The spectrum of non-local discrete Schrödinger operators with a δ-potential
- Fumio Hiroshima^{1}Email author and
- József Lőrinczi^{2}
DOI: 10.1186/s40736-014-0007-8
© Hiroshima and Lörinczi; Licensee Springer 2014
Received: 8 February 2014
Accepted: 3 March 2014
Published: 4 October 2014
Abstract
The behaviour of the spectral edges (embedded eigenvalues and resonances) is discussed at the two ends of the continuous spectrum of non-local discrete Schrödinger operators with a δ-potential. These operators arise by replacing the discrete Laplacian by a strictly increasing C^{1}-function of the discrete Laplacian. The dependence of the results on this function and the lattice dimension are explicitly derived. It is found that while in the case of the discrete Schrödinger operator these behaviours are the same no matter which end of the continuous spectrum is considered, an asymmetry occurs for the non-local cases. A classification with respect to the spectral edge behaviour is also offered.
Keywords
Discrete Schrödinger operator Non-local Schrödinger operator Modes and resonances Rank-one perturbation Bernstein functionIntroduction
1.1 Non-local discrete Schrödinger operators on lattice
The spectrum of discrete Schrödinger operators has been widely studied for both combinatorial Laplacians and quantum graphs; for some recent summaries see [3,4,7,9,11,16,19] and the references therein. Specifically, eigenvalue behaviours of discrete Schrödinger operators on \(l^{2}\left (\mathbb {Z}^{d}\right)\) are discussed in e.g. [2,8,10,12,13,15]. However, for discrete non-local Schrödinger operators only few results are known. Typical examples include discrete fractional Schrödinger operators.
In this paper we define generalized discrete Schrödinger operators which include discrete fractional Schrödinger operators and others whose counterparts on \(L^{2}\left (\mathbb {R}^{d}\right)\) are currently much studied [5,6,17,18]. In [14] we have introduced a class of generalized Schrödinger operators whose kinetic term is given by so called Bernstein functions of the Laplacian. These operators are non-local and via a Feynman-Kac representation generate subordinate Brownian motion killed at a rate given by the potential. Their discrete counterparts studied in this paper also have a probabilistic interpretation in that they generate continuous time random walks with jumps on \(\mathbb {Z}^{d}\).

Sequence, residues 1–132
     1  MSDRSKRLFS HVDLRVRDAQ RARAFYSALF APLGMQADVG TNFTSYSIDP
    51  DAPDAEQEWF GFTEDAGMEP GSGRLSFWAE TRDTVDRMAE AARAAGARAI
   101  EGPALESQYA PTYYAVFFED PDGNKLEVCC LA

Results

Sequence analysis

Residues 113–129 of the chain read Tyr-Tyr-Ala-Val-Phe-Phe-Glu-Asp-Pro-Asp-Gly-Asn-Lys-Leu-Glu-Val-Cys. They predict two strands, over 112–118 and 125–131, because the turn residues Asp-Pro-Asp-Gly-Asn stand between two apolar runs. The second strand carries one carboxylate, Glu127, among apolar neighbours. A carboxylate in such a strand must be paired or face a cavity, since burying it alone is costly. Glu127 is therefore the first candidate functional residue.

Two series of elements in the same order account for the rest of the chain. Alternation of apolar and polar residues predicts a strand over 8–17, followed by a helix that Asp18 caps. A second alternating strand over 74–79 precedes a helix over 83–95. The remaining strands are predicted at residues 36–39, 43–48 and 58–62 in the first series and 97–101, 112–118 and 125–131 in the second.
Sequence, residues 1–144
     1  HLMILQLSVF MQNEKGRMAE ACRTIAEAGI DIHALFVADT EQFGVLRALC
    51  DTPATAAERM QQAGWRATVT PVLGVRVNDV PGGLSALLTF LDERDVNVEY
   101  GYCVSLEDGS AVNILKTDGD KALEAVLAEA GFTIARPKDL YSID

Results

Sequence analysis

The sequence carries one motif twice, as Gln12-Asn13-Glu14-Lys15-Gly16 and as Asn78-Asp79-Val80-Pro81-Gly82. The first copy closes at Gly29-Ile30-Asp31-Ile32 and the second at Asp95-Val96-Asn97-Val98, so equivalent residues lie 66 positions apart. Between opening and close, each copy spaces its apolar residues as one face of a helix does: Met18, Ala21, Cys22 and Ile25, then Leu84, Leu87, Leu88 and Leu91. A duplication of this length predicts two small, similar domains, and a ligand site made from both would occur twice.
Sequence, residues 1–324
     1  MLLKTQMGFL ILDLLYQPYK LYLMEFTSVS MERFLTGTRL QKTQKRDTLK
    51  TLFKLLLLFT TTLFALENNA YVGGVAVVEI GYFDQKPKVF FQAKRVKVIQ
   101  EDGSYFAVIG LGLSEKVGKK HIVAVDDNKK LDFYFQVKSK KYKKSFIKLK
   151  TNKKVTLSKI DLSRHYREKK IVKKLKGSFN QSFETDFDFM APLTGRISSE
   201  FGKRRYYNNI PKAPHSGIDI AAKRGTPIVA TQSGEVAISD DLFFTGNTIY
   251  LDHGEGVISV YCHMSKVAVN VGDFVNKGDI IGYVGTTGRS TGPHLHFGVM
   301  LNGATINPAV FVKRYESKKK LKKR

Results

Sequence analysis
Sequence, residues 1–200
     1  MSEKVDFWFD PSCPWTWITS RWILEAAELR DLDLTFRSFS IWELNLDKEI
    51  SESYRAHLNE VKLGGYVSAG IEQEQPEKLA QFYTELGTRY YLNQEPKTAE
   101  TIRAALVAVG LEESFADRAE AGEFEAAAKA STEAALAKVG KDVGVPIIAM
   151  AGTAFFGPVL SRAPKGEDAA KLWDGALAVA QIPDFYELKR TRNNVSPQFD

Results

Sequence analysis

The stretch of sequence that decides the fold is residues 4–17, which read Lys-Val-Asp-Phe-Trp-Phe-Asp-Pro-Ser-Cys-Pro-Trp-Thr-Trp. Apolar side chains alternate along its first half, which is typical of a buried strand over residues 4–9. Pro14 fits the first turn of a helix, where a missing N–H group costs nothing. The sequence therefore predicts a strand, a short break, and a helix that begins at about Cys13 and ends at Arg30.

In the present paper we consider a class of Schrödinger operators obtained as a strictly increasing C^{1}-function of the discrete Laplacian and a δ-potential. This includes, in particular, Bernstein functions (see below) of the discrete Laplacian. In the presence of a δ-potential the above probabilistic picture then describes free motion with a “bump” which can be interpreted as an impurity in space. Our aim here is to investigate the spectrum of such operators, specifically, embedded eigenvalues and resonances at the edges of the continuous spectrum.
is the discrete Schrödinger operator with δ-potential. In order to define a non-local version of h, we use Fourier transform on \(l^{2}\left (\mathbb {Z}^{d}\right)\). Let \(\mathbb {T}^{d} =\left [-\pi, \pi \right ]^{d}\) be the d-dimensional torus, and set
The scalar product on is denoted by \((\,f,g)=\int _{\mathbb {T}^{d}}\bar {f}(\theta) g(\theta) d\theta \). The Fourier transform is then defined by for \(\theta = \left (\theta _{1},\ldots,\theta _{d}\right)\in \mathbb {T}^{d} \). Then the discrete Laplacian L transforms as
i.e., the right hand side above is a multiplication operator on . In this paper we use a non-local discrete Laplacian Ψ(L) defined for a suitable function Ψ by applying Fourier transform.
Definition1.
For a given Ψ∈C^{1}((0,∞)) such that dΨ(x)/dx>0, x∈(0,∞), we define the non-local discrete LaplacianΨ(L) by
non-local discrete Schrödinger operator with δ-potential.
An example of such a function is Ψ(u)=u^{α/2}, 0<α<2, which describes a discrete Laplacian of fractional order α/2. Other specific choices will be given in Example 1 below.
Under Fourier transform (1.7) is mapped into
where .
Since σ(L)=[0,2] and Ψ is strictly increasing, it is immediate that σ(Ψ(L))=Ψ([0,2])=[Ψ(0),Ψ(2)]. In what follows we consider the spectrum of H_{ v } instead of h. Note that the map Φ↦v(Ω,Φ)Ω is a rank-one operator, and thus the continuous spectrum of the rank-one perturbation H_{ v } of L is [Ψ(0),Ψ(2)], for every \(v\in \mathbb {R}\). See e.g. [1,20] for rank-one perturbations.
1.2 Ψ(∗)-resonances and Ψ(∗)-modes